Singh washed his fingers, took his mug to the easy rattan chair and collapsed into it. A gaggle of mynah birds with glowing orange beaks screeched and quarrelled in the garden, fighting over some hapless worm. They reminded him of his sisters-in-law. He sniffed the air. A whiff of a ripening cempedak from a tree in their well-tended garden tickled his nostrils. He hoped his wife would deep fry the pulpy yellow fruit in batter for his tea. The policeman leaned over, gasping for air like a fish on land as his belly and lungs compressed, and pulled on his socks and shoes. The shoes were spotless white sneakers, the laces of which he tied in a careful double knot. It was one of the many things that annoyed his superiors about Singh - his refusal to wear a sensible pair of black shoes to work every day. He remembered the last time Superintendent Chen had suggested his footwear was not in keeping with the dignity of the force.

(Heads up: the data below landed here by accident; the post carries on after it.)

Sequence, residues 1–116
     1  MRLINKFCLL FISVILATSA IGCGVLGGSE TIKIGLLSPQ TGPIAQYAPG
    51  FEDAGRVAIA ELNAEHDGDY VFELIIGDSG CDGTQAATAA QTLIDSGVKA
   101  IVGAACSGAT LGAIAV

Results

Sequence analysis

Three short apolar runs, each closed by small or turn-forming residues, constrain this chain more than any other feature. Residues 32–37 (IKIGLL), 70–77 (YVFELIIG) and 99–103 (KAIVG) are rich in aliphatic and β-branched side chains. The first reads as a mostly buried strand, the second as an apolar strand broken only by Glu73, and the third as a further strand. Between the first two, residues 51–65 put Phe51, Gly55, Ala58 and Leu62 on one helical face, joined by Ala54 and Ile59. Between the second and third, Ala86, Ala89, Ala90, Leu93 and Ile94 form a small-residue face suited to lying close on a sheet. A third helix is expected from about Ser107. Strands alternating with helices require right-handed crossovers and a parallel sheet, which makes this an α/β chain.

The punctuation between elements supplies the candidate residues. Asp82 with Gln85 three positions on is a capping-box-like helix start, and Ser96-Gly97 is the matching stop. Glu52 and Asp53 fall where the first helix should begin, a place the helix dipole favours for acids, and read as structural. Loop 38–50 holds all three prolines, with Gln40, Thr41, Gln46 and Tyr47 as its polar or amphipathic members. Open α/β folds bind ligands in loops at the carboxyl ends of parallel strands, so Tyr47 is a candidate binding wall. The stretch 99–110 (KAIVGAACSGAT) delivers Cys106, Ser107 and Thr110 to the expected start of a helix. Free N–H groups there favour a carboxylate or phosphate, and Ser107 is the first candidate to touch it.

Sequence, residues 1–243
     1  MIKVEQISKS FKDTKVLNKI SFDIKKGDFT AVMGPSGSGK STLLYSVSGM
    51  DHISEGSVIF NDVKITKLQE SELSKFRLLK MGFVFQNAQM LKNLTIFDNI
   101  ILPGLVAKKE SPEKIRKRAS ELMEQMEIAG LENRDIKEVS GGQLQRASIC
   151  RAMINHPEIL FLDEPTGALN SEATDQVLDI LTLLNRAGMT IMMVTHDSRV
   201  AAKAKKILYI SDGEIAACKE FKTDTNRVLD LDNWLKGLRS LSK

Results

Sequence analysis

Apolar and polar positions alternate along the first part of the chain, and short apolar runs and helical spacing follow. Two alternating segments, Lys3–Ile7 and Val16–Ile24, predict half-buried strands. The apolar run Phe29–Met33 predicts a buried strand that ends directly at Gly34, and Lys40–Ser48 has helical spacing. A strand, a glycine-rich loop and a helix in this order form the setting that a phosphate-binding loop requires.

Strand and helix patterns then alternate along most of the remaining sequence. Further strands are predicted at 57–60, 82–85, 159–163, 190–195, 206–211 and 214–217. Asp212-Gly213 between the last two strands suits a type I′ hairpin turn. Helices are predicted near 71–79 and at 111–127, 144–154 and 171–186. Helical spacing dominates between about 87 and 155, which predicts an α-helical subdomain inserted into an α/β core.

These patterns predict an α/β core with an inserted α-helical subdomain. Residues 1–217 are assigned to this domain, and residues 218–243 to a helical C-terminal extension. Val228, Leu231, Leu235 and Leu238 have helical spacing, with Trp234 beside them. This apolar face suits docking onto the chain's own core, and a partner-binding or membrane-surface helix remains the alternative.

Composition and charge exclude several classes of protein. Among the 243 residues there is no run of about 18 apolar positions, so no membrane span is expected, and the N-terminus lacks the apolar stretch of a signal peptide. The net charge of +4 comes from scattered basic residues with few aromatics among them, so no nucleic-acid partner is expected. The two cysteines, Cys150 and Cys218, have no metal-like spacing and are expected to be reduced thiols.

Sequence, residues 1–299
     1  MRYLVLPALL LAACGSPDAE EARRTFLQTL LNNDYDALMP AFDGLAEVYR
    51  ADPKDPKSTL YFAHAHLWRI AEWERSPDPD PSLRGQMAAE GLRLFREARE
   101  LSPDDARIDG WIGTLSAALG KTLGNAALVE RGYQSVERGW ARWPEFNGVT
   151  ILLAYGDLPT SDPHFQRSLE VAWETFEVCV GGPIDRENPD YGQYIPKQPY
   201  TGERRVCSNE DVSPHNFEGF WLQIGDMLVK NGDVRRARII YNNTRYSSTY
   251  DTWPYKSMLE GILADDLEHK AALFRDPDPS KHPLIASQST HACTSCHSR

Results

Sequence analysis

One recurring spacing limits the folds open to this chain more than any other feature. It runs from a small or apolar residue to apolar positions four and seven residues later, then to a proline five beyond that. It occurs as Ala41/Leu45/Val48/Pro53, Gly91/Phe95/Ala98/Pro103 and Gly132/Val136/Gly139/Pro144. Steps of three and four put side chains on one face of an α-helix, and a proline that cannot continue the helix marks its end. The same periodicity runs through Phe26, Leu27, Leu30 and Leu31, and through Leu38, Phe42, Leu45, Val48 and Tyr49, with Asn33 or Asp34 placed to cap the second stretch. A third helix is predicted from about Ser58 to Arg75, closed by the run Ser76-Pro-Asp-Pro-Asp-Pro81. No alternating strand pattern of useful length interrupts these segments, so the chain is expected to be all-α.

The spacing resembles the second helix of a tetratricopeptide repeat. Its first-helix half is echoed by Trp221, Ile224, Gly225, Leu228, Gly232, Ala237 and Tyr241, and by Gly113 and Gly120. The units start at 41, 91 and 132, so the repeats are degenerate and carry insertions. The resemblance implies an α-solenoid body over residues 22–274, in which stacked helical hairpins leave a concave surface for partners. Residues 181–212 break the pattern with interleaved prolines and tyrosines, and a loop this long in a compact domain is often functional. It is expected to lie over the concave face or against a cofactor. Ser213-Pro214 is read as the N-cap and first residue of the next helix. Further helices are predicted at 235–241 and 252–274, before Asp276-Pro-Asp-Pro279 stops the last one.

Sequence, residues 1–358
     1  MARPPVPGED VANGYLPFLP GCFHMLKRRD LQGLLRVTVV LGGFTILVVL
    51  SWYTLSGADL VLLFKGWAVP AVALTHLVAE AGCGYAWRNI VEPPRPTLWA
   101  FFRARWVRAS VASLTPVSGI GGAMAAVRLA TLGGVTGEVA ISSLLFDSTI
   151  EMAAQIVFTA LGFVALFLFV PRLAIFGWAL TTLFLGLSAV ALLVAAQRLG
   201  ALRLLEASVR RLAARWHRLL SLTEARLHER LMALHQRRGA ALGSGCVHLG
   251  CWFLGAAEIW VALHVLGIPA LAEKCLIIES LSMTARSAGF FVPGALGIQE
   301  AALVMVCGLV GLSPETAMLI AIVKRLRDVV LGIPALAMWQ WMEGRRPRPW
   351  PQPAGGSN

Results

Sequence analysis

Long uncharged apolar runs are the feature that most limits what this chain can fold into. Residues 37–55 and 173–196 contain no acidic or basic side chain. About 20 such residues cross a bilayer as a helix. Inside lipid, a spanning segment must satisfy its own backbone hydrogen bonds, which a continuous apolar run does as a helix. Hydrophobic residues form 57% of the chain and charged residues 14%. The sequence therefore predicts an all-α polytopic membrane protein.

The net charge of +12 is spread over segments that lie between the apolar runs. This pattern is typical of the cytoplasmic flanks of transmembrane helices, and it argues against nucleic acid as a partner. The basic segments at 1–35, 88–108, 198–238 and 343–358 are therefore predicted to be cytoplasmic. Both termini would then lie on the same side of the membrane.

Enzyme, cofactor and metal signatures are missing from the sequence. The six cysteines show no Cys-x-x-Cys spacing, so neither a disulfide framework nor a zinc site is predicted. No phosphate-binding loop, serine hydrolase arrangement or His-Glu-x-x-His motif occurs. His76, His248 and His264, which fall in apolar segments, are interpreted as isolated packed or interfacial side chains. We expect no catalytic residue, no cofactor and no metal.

'They're comfortable,' he had explained. 'And it means I can chase down the bad guys.'

His boss had looked down at the short fat man, puffing slightly from the physical effort of standing upright and speaking at the same time, turned smartly on the heels of his own Italian black leather pumps and marched away.

Mrs Singh spoke again. Her voice was high and sharp. Singh thought she sounded like the vocal embodiment of a murder weapon. 'I hope you haven't forgotten that Jagdesh is coming for dinner tonight.'